‘We’re drilling in the dark’
‘Huge gaps’ in oil data
Malta has been drilling for oil in the dark, a top geologist said yesterday, suggesting a comprehensive geological survey is required to increase chances of success.
Peter Gatt called for the creation of a national institution to survey the country’s geology and insisted the country needed to “start taking geological research more seriously”.
Malta is the only EU country without a geological survey, meaning little is known of the rock composition of Maltese land and sea. As a result, exploration companies often have little to go on when drilling for oil, Dr Gatt said.
“Companies see Malta as a high-risk area, which is one reason we haven’t had that much drilling over the years and lack so much information.
“Malta has so many potential areas for exploration, with a platform 200 kilometres wide and a very large continental shelf,” he added.
The island has issued exploratory drilling licences to various companies over the years. But despite neighbours Libya, Sicily and Tunisia all having discovered oil, Maltese drills have always turned up dry.
This failure to strike black gold was largely down to “huge gaps” in geological data, Dr Gatt argued yesterday, with Malta “light years” behind countries such as the UK, with its 177-year-old British Geological Survey.
Local oil exploration has picked up again recently, after a decade-long lull.
Mediterranean Oil and Gas is likely to begin drilling next year, with sources indicating two further drilling licences are in the pipeline.
Dr Gatt’s made the comments as he presented the findings of his study into the geological composition of the Maltese sea platform.
The study analysed rock samples taken from six exploratory wells drilled by oil giants BP, Total and Shell as well as local rock outcrops.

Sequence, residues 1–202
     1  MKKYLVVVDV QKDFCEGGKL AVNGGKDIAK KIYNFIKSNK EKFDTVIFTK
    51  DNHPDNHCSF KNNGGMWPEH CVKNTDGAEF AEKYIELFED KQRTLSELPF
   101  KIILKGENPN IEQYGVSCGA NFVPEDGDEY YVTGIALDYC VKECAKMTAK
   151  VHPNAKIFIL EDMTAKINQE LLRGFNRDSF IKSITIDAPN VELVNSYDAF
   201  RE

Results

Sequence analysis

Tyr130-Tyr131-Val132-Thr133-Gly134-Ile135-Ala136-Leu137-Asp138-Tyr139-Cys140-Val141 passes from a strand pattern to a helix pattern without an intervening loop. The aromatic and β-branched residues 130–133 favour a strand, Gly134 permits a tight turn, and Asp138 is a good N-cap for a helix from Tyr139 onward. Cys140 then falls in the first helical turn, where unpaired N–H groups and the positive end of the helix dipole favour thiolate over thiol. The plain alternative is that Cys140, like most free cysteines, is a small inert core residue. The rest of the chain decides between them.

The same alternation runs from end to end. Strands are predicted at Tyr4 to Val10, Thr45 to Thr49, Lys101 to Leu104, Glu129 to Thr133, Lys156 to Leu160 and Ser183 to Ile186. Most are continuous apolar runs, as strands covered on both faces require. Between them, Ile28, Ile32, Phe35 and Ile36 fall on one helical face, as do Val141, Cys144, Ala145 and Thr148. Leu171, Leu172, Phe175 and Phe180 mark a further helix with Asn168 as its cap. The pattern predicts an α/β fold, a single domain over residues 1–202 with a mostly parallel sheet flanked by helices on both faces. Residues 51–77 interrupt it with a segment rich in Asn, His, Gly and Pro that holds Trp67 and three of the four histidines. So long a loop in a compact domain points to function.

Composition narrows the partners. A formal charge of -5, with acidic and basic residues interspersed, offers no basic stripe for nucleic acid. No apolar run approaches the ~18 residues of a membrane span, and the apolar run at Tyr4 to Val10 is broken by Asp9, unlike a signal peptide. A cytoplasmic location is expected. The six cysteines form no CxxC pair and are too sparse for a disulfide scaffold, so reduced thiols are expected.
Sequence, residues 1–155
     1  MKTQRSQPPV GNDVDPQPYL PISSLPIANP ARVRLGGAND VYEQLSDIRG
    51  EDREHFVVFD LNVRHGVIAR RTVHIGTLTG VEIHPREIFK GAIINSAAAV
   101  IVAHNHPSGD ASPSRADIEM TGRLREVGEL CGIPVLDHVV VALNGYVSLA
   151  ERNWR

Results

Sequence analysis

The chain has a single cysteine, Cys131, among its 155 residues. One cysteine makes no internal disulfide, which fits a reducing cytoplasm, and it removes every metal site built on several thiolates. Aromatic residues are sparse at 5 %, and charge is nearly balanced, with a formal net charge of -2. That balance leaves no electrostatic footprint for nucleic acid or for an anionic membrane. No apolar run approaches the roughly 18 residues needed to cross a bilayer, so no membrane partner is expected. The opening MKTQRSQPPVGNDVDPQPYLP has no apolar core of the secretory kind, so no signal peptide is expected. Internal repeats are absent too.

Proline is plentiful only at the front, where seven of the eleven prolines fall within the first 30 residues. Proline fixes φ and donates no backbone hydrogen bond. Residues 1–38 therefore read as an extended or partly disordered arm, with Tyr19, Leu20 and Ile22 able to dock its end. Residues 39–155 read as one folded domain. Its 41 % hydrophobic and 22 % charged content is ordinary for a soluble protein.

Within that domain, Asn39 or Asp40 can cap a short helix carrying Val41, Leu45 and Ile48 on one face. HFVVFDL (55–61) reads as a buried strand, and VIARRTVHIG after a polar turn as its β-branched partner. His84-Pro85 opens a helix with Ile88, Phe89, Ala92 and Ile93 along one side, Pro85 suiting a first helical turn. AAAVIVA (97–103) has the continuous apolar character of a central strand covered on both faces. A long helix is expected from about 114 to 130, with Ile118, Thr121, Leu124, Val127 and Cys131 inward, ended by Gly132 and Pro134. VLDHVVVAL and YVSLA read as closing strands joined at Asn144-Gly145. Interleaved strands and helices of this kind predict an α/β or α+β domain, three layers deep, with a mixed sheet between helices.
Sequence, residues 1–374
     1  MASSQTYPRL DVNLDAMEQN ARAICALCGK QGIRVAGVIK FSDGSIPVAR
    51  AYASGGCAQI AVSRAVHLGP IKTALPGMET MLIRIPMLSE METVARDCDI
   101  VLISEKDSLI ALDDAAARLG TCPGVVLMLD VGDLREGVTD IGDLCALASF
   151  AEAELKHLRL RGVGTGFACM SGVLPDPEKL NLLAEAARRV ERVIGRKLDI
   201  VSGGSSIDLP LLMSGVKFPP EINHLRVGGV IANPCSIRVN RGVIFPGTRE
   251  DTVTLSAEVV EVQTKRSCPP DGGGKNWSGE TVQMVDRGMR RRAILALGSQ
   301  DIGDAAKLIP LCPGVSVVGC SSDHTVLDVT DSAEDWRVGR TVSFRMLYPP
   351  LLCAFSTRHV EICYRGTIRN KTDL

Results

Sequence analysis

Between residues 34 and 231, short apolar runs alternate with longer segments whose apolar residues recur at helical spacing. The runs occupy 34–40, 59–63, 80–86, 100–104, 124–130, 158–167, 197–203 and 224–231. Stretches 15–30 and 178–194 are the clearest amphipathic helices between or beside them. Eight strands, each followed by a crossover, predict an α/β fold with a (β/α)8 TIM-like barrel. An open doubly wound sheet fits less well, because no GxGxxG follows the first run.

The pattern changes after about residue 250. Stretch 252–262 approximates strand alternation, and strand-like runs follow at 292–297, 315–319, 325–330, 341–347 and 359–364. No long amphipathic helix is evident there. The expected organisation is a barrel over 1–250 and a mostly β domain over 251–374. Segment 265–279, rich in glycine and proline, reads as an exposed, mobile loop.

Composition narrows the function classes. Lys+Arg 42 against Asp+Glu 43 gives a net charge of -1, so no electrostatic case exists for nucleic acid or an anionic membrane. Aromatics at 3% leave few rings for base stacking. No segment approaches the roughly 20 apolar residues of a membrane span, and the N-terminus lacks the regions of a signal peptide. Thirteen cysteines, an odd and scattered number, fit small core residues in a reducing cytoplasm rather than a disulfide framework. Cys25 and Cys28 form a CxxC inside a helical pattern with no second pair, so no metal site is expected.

The research findings show clear effects of climate change on Maltese rock, as wetter weather in North Africa led to a nutrient-enriched Mediterranean sea. The rock composition reflected that, Dr Gatt said.
“Rocks reflect sea level cycles, and there’s evidence of Maltese rock alternating between high- and low-nutrient ecosystems.”
According to Dr Gatt, climate change was making it increasingly likely that the Arctic pole would melt by 2030, turning the world into a unipolar one similar to that of the Oligocene period.
But aside from its findings into climate change, the research is likely to prick up the ears of oil exploration companies thirsty for data.
The irony of climate change research being used to further drilling for oil was not lost on Dr Gatt, who, however, pointed out that the findings could also help further carbon capture initiatives.
Malta Council of Science and Technology chairman Jeffrey Pullicino Orlando lauded Dr Gatt’s research as “a breakthrough for Maltese science”. The council supported Dr Gatt – an MCST employee – and his research.
Dr Pullicino Orlando also backed Dr Gatt’s calls for a national geology institution.
“We might have been going about things the wrong way,” Dr Pullicino Orlando said in reference to previous oil exploration strategies.
“MCST feels it is very important for us to have some form of geological unit to research local geology and make Malta more attractive to oil companies.”
Durham University geology professor Jon Gluyas argued the merits of carrying out such a geological audit. He has previously chaired the British Geological Survey.
Aside from the technical merits of surveys such as the BGS, Prof. Gluyas also noted that it benefited a country to have its own geological data. “Something like the BGS seeks value for the nation; private enterprise seeks value for shareholders,” he said.